24 November 2019, 11:10 #15 TCH Newbie Amiga programmer   Join Date: Jun 2012 Location: Front of my A500+ Age: 33 Posts: 165 You mean i iterate through a list which contains y, x0, x1 coordinates and fill up scanlines between x0 and x1 on line y? Well, i already tried that, but to get a list like that, i had to add all the dots' coordinates which were generated by the line drawing algorithm into a big multi dimensional list and then order them, remove duplicates, etc. It was very slow. Or what do you mean by scan line fill?
24 November 2019, 11:22   #16
deimos
Registered User

Join Date: Jul 2018
Location: Londonish / UK
Posts: 489
Quote:
 Originally Posted by TCH You mean i iterate through a list which contains y, x0, x1 coordinates and fill up scanlines between x0 and x1 on line y? Well, i already tried that, but to get a list like that, i had to add all the dots' coordinates which were generated by the line drawing algorithm into a big multi dimensional list and then order them, remove duplicates, etc. It was very slow. Or what do you mean by scan line fill?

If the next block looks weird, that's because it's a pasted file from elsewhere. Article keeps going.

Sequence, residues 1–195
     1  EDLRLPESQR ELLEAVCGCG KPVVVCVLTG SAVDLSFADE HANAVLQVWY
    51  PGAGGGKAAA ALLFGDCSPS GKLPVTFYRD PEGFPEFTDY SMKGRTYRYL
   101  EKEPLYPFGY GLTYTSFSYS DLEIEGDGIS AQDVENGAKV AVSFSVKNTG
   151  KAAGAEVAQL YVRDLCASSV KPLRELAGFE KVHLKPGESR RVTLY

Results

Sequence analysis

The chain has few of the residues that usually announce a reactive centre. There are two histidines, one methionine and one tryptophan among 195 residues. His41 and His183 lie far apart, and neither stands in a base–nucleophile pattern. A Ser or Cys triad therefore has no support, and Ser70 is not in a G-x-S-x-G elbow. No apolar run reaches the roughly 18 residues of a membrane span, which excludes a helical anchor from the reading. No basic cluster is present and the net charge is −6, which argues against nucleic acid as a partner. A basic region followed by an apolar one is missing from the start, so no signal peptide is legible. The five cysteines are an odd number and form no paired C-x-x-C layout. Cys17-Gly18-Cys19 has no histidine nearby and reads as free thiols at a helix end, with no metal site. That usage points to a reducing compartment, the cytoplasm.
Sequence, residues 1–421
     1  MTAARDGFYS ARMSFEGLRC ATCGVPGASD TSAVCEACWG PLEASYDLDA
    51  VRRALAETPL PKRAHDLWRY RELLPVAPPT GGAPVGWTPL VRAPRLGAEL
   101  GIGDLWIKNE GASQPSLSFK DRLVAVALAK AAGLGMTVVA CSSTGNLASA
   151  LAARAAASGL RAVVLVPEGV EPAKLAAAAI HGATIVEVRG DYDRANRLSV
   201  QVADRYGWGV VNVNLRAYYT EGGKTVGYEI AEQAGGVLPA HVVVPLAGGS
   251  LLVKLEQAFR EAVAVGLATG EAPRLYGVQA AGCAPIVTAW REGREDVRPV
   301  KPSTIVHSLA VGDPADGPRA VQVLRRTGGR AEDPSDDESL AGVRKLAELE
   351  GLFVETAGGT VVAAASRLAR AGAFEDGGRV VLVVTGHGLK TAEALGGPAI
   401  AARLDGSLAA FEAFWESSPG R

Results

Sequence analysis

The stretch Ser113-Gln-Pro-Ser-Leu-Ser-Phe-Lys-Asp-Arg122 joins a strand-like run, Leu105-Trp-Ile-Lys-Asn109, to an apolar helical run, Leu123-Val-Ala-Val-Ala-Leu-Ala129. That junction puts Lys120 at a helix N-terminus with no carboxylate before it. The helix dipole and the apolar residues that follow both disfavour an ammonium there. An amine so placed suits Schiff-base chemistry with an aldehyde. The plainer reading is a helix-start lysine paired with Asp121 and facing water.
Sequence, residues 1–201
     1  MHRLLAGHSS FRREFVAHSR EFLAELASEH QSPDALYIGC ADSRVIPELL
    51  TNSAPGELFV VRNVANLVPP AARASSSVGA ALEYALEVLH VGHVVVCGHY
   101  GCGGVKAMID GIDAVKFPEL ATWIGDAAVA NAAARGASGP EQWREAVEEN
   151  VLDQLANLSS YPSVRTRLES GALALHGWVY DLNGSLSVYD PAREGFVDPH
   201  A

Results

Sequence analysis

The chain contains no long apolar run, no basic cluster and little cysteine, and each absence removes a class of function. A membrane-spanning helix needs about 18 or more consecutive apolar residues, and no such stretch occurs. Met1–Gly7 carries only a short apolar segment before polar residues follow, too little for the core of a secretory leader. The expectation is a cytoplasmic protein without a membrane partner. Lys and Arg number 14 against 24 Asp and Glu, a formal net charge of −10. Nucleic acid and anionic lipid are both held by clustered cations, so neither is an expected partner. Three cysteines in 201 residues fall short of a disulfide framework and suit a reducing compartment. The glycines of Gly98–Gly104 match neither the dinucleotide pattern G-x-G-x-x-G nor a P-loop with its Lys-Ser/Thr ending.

That is what I mean by scan line fill, but I didn't find it necessary to order points or remove duplicates when I did mine. I think the only difference is that you'd have to split your concave polygons.

 24 November 2019, 11:54 #17 TCH Newbie Amiga programmer   Join Date: Jun 2012 Location: Front of my A500+ Age: 33 Posts: 165 Well, yes, you are right, if you only have convex polygons, you'll always have only two dots per line. This did not occurred in my mind when i tried to do scanfills, thank you for pointing out. However i have no idea, how to split them up, so it seems i have to read some code.